Marine biologist denounces BP commission findings

By Andre Damon
11 November 2010
Rick Steiner

The findings of the White House commission into the BP oil spill are a cover-up of oil giant BP’s culpability in the Deepwater Horizon oil spill, according to Rick Steiner, a biologist specializing in oil spills.

The commission’s findings declare, “To date, we have not seen a single instance where a human being made a conscious decision to favor dollars over safety.”

“This is the most colossally ignorant conclusion anyone could draw,” said Steiner, a retired professor at the University of Anchorage, Alaska. Steiner was closely involved in the early investigation and reporting of the BP disaster.

“This claim destroyed any credibility the commission may have had. One might question whether [lead counsel of the Commission Fred] Bartlit has a good BP job awaiting him when he is done,” Steiner said in a telephone interview on Tuesday.

“The people and companies that run these rigs wake up in the morning thinking of ways to cut costs, to enhance production and to generate more revenue in less time. Every single decision they make has to do with that,” he said. “The Deepwater Horizon rig was 43 days behind schedule, at about a million dollars a day. Don’t tell me that this was not a persistent pressure on everybody on the rig.”

Steiner said that the commission’s findings were intended equally to shield BP from damages and to maintain the political credibility of the White House. “The Obama administration and BP have been joined at the hip from the day the spill started. They have identical objectives; to trivialize and minimize the damage, both political and financial,” he said.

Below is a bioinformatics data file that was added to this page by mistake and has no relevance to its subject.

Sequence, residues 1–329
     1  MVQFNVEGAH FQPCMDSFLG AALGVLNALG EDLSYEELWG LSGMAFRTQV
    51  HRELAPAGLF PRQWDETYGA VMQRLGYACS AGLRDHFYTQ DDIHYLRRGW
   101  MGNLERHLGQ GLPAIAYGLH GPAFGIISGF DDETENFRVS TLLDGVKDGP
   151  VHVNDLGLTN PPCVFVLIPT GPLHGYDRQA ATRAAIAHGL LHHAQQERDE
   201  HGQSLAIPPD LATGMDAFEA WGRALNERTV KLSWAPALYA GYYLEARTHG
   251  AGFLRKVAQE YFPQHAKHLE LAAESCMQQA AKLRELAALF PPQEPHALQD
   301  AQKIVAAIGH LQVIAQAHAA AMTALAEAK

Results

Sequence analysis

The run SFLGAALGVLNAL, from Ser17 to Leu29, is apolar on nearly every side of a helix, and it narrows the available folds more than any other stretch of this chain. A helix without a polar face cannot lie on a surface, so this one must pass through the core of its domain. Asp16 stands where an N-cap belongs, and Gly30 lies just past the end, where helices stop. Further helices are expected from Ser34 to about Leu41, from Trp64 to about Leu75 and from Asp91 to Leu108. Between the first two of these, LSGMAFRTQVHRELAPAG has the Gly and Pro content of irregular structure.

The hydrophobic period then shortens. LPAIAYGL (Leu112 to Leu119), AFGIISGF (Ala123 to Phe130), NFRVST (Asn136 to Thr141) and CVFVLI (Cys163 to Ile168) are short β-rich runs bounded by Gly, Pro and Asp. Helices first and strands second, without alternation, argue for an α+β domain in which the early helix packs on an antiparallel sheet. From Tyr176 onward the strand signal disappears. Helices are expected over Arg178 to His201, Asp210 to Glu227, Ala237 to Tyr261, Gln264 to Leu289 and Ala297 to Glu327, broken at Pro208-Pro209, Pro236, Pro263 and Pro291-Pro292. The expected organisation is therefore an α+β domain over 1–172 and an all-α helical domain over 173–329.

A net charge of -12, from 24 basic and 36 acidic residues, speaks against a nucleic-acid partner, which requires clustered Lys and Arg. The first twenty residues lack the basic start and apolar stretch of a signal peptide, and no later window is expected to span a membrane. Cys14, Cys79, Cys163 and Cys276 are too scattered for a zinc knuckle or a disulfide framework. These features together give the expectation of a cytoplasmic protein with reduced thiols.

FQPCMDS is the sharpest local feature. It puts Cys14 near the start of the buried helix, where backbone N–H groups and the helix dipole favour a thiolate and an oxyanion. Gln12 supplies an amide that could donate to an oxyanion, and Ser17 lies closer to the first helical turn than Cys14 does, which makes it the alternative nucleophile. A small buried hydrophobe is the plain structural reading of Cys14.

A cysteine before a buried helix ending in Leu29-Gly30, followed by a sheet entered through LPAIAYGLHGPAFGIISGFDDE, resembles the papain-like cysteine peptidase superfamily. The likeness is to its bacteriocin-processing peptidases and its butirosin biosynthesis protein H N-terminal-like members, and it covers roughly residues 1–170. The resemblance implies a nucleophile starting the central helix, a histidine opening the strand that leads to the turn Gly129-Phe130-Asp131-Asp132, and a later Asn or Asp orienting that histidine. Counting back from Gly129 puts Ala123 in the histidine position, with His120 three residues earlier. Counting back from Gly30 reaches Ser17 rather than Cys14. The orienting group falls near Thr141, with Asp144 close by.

“BP has had an unwritten rule here in Alaska called ‘run-to-failure.’ If your equipment is starting to fail, you continue to run it till it does fail, instead of stopping the operation, upgrading it, maintaining it, putting in a new gas compressor pump or piping section. There’s a stigma associated with safety consciousness, and there’s certainly a stigma associated with stopping work if you detect a safety lapse or problem.”

Steiner said that the Deepwater Horizon’s drilling project at the Macondo well was troubled by difficulties from the start. “The first thing that happened was that they got their drill bit stuck at about 11,000 feet, and then the tool they sent down to find it got stuck. At this point they backed out, and had to drill a side-track hole, so by the time the whole thing got back on track, they were about 43 days behind schedule.”